Along with the rest of America, my heart broke this week as I learned about the massacre in Las Vegas. The gun violence epidemic in this country will continue until we get serious at the federal level about stronger gun laws.
More than one million people in this country have been victims of gun violence – in just the last decade. These preventable deaths and injuries are a terrible stain on our nation’s character, and they represent a dire public health crisis. The consequences are felt by more than the people injured and killed; these tragedies devestate families, friends and co-workers, and shatter the mental health of bystanders who witness the violence yet escape physically unharmed. And there’s the shared trauma for all of us as we watch, read and listen to the horrible events.
I’m reminded of the time in the late-1960s when Ralph Nader and others focused attention on the preventable deaths and injuries from cars. Do you recall his book, Unsafe at Any Speed? Eventually, the focus on automobile injuries resulted in federal legislation that tightened auto and road standards across a wide range – airbags, seat belts, speed limits, consistent highway standards – and far fewer people die now, especially when considering how many more cars are currently on the road.
We need to apply the same concerted effort to our gun fatality epidemic.
States with stronger gun laws have fewer gun deaths per capita than states with weaker laws. It’s a simple fact. In California, we already have pretty strong gun laws. But we need federal leadership and initiatives in other states because, as we know, no state is an island. Check out the stats on this website – the Law Center to Prevent Gun Violence – for more information.
Here’s the entire text of the Second Amendment: “A well regulated Militia, being necessary to the security of a free State, the right of the people to keep and bear Arms, shall not be infringed.”
A long history of American jurisprudence has not prohibited regulation of guns. In fact, we’ve been regulating the sale, manufacture and ownership of firearms since 1837. We already prohibit individuals from owning rocket launchers and bombs, so why do we allow civilians to own weapons that operate as fully automatic machine guns that can easily kill and maim hundreds in mere seconds?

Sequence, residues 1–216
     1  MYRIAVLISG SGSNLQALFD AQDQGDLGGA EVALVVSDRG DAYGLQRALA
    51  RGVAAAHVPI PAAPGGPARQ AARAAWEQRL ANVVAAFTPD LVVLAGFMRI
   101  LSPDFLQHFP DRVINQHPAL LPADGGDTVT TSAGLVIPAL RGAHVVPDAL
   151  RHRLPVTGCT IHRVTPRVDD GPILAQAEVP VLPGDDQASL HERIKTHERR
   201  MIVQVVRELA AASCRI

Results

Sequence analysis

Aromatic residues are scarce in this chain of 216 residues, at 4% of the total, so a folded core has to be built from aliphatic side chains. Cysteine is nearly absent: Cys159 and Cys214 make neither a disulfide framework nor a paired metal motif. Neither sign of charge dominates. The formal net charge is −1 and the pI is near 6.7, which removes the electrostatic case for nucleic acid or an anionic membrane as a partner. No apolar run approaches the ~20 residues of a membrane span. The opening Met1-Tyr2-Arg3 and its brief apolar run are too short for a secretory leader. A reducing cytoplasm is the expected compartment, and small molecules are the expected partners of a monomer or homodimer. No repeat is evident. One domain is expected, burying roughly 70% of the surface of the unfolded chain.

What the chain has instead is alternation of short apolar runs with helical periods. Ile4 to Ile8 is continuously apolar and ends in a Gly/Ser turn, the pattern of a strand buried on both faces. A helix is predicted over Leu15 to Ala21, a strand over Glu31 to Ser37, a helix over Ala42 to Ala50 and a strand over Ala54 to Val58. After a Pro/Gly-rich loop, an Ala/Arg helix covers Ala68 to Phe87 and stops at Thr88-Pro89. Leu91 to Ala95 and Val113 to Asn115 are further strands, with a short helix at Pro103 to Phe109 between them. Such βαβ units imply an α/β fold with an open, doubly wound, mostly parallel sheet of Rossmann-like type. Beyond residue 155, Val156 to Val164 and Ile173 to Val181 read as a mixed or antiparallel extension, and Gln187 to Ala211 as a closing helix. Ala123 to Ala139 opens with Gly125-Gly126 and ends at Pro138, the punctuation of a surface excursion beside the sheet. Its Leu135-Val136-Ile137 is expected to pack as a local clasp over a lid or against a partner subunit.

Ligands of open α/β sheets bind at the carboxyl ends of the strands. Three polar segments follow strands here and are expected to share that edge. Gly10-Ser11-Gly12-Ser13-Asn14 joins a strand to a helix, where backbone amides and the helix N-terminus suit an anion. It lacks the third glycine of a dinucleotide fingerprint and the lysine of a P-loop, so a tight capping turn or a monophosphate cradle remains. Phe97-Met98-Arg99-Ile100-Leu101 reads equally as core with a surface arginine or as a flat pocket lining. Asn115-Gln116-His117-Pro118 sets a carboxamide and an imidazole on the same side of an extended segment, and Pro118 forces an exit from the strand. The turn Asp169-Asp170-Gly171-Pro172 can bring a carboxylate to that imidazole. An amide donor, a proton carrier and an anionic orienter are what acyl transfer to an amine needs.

I know that additional facts rarely change minds; but I’m hopeful that a growing number of people will prioritize gun violence prevention as an urgent issue that needs our collective focus.
We will affect change when people finally say “enough is enough.”
The proposed locations for 24-hour bathrooms and handwashing stations in Encinitas are (clockwise, from upper-left) Leucadia Blvd at 101 (southwest corner) across from Leucadia Roadside Park, southeast corner of the Lower City Hall Parking Lot, which has already been installed, Swami’s Beach and Moonlight Beach.
I was thrilled with the quick work of city staff and our lifeguard and parks department who evaluated the city and have proposed four locations for 24-hour bathrooms and handwashing stations. The County is providing the handwashing stations, and the city the porta-potties, as part of our effort to avoid a Hepatitis A outbreak in Encinitas, and as a recognition of the simple human dignity issues that surround having a bathroom available.
Apparently in the past, we left our permanent bathrooms open at night and had problems with people sleeping in them, often barricading the doors from the inside. We’re getting porta-potties because these kinds of problems are less common with them, and the potential damage to a porta-potty is less than to permanent bathrooms, such as the ones at Moonlight Beach.
I’m happy to see bathrooms and handwashing stations of any type to give people a private and clean place to do nature’s business.
Districting this week and marijuana vote next week
The City Council will be discussing voting districts and evaluating potential maps during this coming Wednesday’s public meeting at City Hall at 6 p.m.
The following week at City Council, Oct. 18th, we’ll be deciding which direction to go with marijuana regulations in the city. Please share your opinion on both topics at City Council or directly to me via email.